The AX-10 is a daisy wheel machine and this wheel has a slyly stylish font. The wheel says Prestige 1012. Locations of symbols ($, # etc) are more similar to a computer keyboard, as might be expected for a relatively new machine. A good machine for kids to type on — clean type and not too much key pressure needed.

The other Brother, the EP-44, is a very different beast. It is a thermal dot matrix printer with a keyboard. It cannot do carbons, but can work as a serial text-only printer. Being electronic, it has a second shift key that gives access to a wider range of characters — hence the third line. The typeface looks a bit like a monospace Times. Not bad though looks a bit pixelated on close inspection and descenders are basically false. Can also do underlines.

The cw-16 probably looks more pixelated then the EP, but gives a very wide range of characters and the options of bold, 10 or 12 pitch, double width (in each pitch) and underlined. This example is, like the EP-44 example, printed on thermal paper, and again the descenders are very shallow, almost false.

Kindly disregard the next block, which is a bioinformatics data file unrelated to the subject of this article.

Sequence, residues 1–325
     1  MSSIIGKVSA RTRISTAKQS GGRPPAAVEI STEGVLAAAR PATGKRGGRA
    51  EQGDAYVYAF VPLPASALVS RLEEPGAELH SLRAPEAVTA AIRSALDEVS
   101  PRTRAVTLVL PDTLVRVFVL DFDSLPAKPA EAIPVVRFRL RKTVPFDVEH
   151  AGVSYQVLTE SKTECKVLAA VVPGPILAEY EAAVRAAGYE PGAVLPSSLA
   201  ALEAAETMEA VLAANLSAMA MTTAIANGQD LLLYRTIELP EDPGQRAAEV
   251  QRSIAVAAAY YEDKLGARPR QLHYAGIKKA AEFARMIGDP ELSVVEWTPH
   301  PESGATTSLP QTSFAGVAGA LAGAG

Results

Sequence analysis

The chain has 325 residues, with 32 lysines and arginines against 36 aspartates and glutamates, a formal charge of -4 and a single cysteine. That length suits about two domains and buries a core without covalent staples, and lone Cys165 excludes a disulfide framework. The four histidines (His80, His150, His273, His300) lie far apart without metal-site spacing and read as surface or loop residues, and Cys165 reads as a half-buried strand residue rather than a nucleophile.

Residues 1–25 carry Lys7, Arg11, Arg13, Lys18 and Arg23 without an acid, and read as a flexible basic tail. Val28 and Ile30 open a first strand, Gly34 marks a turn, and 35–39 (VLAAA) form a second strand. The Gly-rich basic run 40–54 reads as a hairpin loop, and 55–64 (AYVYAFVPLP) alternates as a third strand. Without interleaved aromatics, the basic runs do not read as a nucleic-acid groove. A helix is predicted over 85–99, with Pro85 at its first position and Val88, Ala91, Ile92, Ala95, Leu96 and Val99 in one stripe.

SM-8 is very niceely aligned, and only slightly understruck right at the tops of the ascenders. A very nice and quite portable machine.

The Clipper looks pretty good for a machine its age and with an older ribbon. Sharp, well-aligned and even, except for the fractions — and I think I hit those a bit hard… and maybe they need a clean, too.

 

The Brother EP44 as a serial terminal for DOS

This is so nerdy.

I made up a printer cable for my EP-44 – it is the ‘Common serial printer cable’ taken from this page. I don’t normally take images from the web, but since pages do sometimes vanish, this is the wiring diagram I followed:

DB-9 (actually DE-9) to DB-25 serial printer cable wiring diagram